On the Use of Laser-Induced Incandescence for Soot Diagnostics: From Theoretical Aspects to Applications in Engines
The laser-induced incandescence technique (LII) is a laser-based diagnostic technique for measurements of soot volume fraction and particle size. The technique relies on detection of incandescent light from soot particles heated to around 4000 K using nanosecond laser pulses. A theoretical model for LII has been implemented and improved in order to provide a tool for predicting the signal response from soot particles when exposed to the laser pulse for various experimental conditions. Specifically, the model is capable of predicting the signal response from arbitrarily shaped measurement volumes defined by non-uniform spatial distribution of laser energy, and also from primary particle size distributions. The model has been applied in order to investigate the influence of various physical and experimental parameters on evaluated primary particle size, the uncertainties introduced when measuring quantitative soot volume fractions in high-pressure environments using atmospheric calibration flames and on the relationship between the LII signal and the soot volume fraction. The model has also been applied in order to predict the appearance of experimentally obtained spatially resolved LII signals in a methane diffusion flame. The spatial distribution of laser energy, which has a profound influence on the LII signal behaviour, was measured using a beam profile CCD camera, the data being input to the model. A generally good agreement between theoretical and experimental data was found, but the results indicated that the theoretical model overpredicted the signal response at high fluence. Two experimental investigations using laser diagnostics for in-cylinder measurements of internal combustion engines have been undertaken. In one of the studies the laser-induced fluorescence (LIF) technique was applied to measure the flame propagation inside a spark-ignition engine by detection of fluorescence from intermediate species in the end gas. Two Nd:YAG lasers operating at 355 nm and two ICCD detectors were used in order to provide two independent images of the unburnt gas region within single engine cycles. An image evaluation scheme was developed in order to evaluate the velocity field of the flame propagating inside the engine. In a second study the laser-induced incandescence technique was applied to measure quantitative soot volume fractions inside a high-speed direct-injection passenger car Diesel engine. The quantitative information was attained by relating the signals obtained in the engine to those obtained in a calibration flame.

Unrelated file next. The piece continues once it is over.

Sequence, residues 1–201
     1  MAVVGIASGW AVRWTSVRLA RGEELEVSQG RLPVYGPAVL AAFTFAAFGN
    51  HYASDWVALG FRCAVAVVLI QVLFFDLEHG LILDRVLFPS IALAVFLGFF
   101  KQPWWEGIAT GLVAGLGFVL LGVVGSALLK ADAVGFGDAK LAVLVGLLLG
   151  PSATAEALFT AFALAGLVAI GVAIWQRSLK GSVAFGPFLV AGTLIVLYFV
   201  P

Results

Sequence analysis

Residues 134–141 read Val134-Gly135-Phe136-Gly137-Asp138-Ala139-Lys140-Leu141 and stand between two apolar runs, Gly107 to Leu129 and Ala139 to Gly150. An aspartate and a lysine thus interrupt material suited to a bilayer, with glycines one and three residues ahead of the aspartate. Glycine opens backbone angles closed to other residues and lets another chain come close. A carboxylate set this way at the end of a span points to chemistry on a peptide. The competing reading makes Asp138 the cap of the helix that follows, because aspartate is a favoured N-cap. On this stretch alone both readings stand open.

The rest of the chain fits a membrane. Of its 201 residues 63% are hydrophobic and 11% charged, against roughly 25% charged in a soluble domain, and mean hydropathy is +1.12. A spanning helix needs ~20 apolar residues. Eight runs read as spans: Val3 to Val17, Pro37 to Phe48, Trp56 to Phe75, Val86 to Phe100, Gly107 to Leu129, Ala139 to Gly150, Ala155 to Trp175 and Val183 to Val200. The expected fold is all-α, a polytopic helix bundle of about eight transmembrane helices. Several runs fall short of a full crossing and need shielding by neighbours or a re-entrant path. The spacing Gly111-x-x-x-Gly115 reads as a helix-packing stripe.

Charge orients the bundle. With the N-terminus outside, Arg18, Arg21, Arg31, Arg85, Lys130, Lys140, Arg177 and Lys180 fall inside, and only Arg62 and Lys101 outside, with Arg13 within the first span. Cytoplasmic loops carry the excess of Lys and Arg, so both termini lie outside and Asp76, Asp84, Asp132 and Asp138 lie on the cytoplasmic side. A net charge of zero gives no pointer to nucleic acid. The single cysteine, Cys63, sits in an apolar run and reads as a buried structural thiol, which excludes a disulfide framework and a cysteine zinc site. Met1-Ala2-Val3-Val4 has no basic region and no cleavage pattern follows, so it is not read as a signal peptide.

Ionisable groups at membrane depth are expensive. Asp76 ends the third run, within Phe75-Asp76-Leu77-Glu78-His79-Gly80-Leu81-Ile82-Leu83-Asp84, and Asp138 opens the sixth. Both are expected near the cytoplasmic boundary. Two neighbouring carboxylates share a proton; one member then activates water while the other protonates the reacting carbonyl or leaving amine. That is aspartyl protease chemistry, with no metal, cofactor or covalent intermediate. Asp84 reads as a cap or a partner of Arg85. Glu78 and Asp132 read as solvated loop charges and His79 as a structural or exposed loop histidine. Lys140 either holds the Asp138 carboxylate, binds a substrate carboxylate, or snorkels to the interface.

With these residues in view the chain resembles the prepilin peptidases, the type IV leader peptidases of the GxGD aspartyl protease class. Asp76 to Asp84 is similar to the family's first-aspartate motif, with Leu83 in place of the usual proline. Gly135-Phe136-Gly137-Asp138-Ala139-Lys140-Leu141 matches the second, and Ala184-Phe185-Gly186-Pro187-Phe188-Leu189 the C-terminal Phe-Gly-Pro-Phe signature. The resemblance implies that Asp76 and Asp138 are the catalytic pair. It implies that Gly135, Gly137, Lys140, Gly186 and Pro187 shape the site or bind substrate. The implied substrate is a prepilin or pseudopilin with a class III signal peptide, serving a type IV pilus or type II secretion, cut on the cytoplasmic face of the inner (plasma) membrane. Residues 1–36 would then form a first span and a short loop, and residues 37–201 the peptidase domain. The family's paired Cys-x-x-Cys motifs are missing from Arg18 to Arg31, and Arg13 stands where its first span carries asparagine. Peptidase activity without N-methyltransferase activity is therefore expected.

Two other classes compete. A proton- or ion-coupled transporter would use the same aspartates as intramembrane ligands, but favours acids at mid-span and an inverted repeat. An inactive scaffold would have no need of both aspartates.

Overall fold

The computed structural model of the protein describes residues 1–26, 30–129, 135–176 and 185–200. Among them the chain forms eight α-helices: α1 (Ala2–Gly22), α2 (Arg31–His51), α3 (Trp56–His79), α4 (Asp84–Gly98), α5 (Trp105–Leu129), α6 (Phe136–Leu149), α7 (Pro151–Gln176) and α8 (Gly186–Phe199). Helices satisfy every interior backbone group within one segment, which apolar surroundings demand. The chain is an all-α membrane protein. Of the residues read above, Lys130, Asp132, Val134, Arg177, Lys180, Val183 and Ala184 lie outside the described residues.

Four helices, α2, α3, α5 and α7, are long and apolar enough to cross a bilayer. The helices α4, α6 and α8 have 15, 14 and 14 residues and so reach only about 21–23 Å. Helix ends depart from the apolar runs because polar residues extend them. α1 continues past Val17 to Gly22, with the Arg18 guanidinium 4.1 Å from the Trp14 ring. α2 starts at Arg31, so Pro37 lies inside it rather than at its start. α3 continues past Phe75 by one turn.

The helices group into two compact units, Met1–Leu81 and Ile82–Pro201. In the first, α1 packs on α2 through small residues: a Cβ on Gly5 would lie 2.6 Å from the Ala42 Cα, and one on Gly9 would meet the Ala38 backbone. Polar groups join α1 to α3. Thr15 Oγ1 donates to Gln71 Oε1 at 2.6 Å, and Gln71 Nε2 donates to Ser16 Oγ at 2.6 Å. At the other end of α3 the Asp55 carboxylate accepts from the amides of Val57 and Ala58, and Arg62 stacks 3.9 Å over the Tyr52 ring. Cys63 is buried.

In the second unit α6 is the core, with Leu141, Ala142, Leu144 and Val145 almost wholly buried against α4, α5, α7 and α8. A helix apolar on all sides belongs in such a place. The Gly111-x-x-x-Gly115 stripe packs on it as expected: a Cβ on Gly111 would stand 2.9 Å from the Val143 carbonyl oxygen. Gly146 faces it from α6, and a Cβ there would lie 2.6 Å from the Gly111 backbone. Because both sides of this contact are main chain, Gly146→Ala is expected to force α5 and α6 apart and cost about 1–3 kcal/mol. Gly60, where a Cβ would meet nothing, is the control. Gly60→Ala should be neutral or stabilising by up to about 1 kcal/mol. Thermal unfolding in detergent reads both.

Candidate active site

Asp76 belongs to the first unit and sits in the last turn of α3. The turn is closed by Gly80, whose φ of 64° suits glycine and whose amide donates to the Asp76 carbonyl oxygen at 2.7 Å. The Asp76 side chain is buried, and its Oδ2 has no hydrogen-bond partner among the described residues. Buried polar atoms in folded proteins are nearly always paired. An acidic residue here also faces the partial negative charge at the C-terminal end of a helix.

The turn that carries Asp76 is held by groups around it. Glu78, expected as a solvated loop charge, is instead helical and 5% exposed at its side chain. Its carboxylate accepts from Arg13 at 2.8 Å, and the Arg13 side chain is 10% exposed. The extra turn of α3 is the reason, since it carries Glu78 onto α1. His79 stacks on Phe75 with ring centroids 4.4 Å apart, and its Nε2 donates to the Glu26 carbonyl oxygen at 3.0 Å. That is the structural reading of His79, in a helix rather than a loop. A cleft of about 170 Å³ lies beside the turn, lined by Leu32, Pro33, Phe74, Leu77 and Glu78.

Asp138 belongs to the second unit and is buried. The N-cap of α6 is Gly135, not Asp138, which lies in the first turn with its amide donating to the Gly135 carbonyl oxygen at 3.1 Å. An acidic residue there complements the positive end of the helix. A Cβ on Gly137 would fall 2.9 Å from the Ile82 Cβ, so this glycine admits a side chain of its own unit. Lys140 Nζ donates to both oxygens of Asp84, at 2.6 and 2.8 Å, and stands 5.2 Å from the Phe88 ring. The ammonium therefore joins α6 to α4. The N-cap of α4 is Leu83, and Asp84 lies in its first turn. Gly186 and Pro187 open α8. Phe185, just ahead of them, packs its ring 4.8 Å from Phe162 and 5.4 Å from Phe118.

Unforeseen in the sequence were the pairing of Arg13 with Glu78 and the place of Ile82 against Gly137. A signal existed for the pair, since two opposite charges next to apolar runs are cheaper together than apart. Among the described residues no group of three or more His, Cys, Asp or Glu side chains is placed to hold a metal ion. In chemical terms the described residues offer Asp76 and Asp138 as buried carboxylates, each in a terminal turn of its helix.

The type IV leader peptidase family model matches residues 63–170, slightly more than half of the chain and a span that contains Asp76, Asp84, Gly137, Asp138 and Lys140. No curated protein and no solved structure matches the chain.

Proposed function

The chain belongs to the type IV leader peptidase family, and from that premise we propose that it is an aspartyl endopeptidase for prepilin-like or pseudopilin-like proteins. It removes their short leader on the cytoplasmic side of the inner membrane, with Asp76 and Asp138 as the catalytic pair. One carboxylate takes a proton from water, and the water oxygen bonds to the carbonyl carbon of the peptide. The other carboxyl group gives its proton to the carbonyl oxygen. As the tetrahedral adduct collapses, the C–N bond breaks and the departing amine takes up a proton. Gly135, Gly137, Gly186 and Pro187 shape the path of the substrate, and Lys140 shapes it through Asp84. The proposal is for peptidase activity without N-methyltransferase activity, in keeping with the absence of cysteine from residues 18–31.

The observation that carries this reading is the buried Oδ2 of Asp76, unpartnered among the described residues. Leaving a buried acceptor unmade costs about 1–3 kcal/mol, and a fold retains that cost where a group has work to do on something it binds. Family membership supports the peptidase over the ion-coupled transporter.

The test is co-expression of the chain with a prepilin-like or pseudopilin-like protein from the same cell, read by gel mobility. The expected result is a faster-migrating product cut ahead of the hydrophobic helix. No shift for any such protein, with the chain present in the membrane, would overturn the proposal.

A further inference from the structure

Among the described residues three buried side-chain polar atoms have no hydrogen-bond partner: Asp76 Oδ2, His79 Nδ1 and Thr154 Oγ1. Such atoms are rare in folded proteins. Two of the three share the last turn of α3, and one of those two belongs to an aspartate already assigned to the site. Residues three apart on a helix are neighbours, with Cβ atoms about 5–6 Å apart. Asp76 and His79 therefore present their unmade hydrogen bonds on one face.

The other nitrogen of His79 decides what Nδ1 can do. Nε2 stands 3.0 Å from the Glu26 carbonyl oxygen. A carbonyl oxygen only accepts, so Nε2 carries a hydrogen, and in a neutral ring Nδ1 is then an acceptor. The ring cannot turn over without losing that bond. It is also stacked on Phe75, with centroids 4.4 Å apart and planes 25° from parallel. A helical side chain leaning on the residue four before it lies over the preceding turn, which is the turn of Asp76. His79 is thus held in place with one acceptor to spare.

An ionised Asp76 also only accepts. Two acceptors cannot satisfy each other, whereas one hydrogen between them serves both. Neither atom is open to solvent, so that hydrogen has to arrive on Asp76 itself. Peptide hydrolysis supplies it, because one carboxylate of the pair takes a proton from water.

Source Type:Doctoral Dissertation
Keywords:TECHNOLOGY; NATURAL SCIENCES; Physics; Laser Diagnostics; Laser-Induced Incandescence; LII; Soot; Model; Engine; Particulates; Soot volume fraction; Combustion; Physics; Fysik; quantum mechanics; classical mechanics; Mathematical and general theoretical physics; Matematisk och allmän teoretisk fysik; thermodynamics; statistical physics; gravitation; relativity; kvantmekanik; klassisk mekanik; termodynamik; statistisk fysik; gravitation; relativitet; Gases; Gaser; fluid dynamics; plasmas; Teknik; Laserteknik; Motors and propulsion systems; Motorer; framdrivningssystem; fluiddynamik; plasma; Technological sciences; Laser technology
Date of Publication:01/01/2007